Demonstrators protest fast-food wages

Dec. 05, 2013 @ 04:58 PM

As part of planned demonstrations slated to be held around the country Thursday, activists and fast-food restaurant workers gathered in front of a McDonald’s Corp. restaurant on North Roxboro Street in Durham to call for higher wages.

Chanting “we can’t survive on $7.25” and “forward together, not one step back,” they walked from the restaurant to the site of where a 1957 sit-in was held in protest of segregation.
There were about 90 people at one point in the demonstration, including fast-food workers, community activists, the Farm Labor Organizing Committee, as well as students from Carolina Friends School.
This was the third demonstration for higher wages held since the summer. The group is calling for a $15-an-hour wage and the right to form a union without retaliation.
“We’re overworked and underpaid,” said Brittany Chavis, a cashier at Burger King who said she traveled from Greensboro to participate in Thursday’s demonstration in Durham.
She said she’s worked for nine years in fast-food restaurants. As a mother of four, she said it’s hard to help support her family on $7.25 per hour. Right now, she said her husband is paying most of the bills.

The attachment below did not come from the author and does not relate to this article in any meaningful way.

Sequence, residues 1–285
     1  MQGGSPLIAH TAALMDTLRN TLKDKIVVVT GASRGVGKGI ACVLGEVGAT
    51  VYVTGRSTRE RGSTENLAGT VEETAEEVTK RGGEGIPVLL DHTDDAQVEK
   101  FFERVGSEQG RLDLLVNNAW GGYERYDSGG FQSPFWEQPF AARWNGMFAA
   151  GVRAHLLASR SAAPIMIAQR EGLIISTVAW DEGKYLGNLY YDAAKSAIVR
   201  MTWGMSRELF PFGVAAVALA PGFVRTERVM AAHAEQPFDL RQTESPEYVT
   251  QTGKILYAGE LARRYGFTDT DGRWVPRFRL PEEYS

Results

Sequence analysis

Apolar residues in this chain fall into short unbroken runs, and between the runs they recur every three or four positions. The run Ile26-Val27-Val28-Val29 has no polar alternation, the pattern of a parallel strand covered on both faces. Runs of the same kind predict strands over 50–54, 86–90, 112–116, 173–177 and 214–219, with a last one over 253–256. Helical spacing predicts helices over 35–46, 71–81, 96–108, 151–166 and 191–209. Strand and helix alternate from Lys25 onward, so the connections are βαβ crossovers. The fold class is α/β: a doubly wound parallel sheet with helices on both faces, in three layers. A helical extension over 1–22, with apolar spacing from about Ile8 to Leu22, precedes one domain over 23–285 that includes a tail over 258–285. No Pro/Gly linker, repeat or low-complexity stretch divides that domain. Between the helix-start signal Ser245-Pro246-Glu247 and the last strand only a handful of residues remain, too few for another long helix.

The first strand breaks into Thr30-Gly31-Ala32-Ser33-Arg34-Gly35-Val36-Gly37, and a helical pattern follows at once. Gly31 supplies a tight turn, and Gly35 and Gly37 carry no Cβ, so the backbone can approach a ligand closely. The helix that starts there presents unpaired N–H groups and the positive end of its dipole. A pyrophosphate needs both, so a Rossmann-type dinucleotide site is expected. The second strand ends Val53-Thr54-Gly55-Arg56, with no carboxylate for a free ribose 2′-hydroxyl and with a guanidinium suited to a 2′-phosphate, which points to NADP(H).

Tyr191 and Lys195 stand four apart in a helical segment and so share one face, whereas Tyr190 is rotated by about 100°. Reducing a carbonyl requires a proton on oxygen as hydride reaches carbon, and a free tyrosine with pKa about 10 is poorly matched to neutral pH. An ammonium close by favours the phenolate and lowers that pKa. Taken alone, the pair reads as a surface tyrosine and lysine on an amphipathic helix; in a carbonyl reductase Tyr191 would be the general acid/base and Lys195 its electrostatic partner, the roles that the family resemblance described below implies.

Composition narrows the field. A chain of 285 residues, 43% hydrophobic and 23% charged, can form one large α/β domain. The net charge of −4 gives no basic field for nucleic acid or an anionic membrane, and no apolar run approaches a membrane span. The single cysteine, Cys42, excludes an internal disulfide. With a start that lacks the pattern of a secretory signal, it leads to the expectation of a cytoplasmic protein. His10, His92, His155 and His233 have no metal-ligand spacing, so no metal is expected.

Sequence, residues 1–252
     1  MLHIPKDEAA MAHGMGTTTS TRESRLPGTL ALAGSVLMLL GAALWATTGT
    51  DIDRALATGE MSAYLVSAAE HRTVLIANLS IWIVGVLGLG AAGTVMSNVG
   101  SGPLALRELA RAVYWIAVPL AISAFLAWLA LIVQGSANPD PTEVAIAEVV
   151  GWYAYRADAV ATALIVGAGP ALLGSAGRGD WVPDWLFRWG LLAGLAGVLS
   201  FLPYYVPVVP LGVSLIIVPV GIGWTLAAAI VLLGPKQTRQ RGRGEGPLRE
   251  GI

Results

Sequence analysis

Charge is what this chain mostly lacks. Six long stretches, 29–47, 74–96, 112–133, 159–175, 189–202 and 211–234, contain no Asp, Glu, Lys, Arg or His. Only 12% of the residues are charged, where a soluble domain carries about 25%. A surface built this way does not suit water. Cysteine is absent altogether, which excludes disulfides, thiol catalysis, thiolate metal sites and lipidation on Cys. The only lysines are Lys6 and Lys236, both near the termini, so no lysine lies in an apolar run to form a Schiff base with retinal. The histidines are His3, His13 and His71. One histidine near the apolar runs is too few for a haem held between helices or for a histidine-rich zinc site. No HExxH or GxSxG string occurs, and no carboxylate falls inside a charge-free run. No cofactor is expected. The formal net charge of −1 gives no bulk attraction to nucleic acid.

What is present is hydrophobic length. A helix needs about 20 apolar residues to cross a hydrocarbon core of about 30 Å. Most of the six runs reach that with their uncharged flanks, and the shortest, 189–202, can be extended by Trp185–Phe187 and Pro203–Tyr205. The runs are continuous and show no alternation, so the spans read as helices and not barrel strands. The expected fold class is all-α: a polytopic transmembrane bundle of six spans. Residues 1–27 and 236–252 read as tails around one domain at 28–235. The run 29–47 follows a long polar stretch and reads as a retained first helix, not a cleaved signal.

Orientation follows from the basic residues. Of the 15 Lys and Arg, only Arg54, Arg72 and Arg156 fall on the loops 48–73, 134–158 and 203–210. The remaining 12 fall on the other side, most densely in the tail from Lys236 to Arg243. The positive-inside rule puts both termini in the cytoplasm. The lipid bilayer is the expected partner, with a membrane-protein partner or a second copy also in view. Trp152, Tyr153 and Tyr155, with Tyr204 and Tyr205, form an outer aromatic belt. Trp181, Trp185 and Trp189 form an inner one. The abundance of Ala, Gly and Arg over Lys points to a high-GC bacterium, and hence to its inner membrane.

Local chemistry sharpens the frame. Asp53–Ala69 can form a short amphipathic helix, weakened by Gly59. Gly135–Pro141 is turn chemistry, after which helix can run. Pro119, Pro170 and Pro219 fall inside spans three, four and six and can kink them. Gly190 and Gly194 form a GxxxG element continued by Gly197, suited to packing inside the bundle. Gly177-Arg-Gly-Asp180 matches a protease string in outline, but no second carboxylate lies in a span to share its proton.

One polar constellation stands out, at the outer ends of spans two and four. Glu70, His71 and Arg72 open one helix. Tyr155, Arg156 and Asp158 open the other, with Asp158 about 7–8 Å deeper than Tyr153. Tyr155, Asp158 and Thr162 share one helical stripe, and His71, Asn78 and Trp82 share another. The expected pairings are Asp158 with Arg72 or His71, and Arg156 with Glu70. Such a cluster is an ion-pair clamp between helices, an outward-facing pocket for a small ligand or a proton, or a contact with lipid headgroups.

Joshua McClain is a junior from Carolina Friends School. He said his American literature teacher has an interest in social activism, and the class is studying oppression.
“I think that everyone has a right to a wage that they can live on,” he said.
Raleigh resident and retired school teacher Wanda Schraber was a participant in the Moral Mondays demonstration in Raleigh this summer. The demonstrations were in protest of legislative changes being made by the N.C. General Assembly.
“I know you can’t support a family on these wages,” she said Thursday.
Speaking to the group gathered in front of the sit-in sign at the end of their walk, State Sen. Earline Parmon, a Democrat from Winston-Salem, spoke against corporations paying low wages to employees, forcing them to rely on government benefits.
“We are (prepared) to stand here today to say ‘hold the burger, hold the fries, super-size the wages,” she said.
In a statement, McDonald’s USA said company restaurants offer advancement opportunities, competitive pay and benefits, and it also invests in training and professional development.
“Outside groups are traveling to McDonald’s and other outlets to stage rallies,” the company said of Thursday’s demonstrations.
Scott DeFife, executive vice president for policy and government affairs for the National Restaurant Association, called the demonstrations a “coordinated (public relations) campaign engineered by national labor groups.” He also said the restaurant industry has been one of the few sectors to create jobs during the recession.
“Dramatic increases in a starting wage such as those called for in these rallies will challenge that job growth history, increase prices for restaurant meals, especially in the value segments, and lead to fewer jobs created,” he said.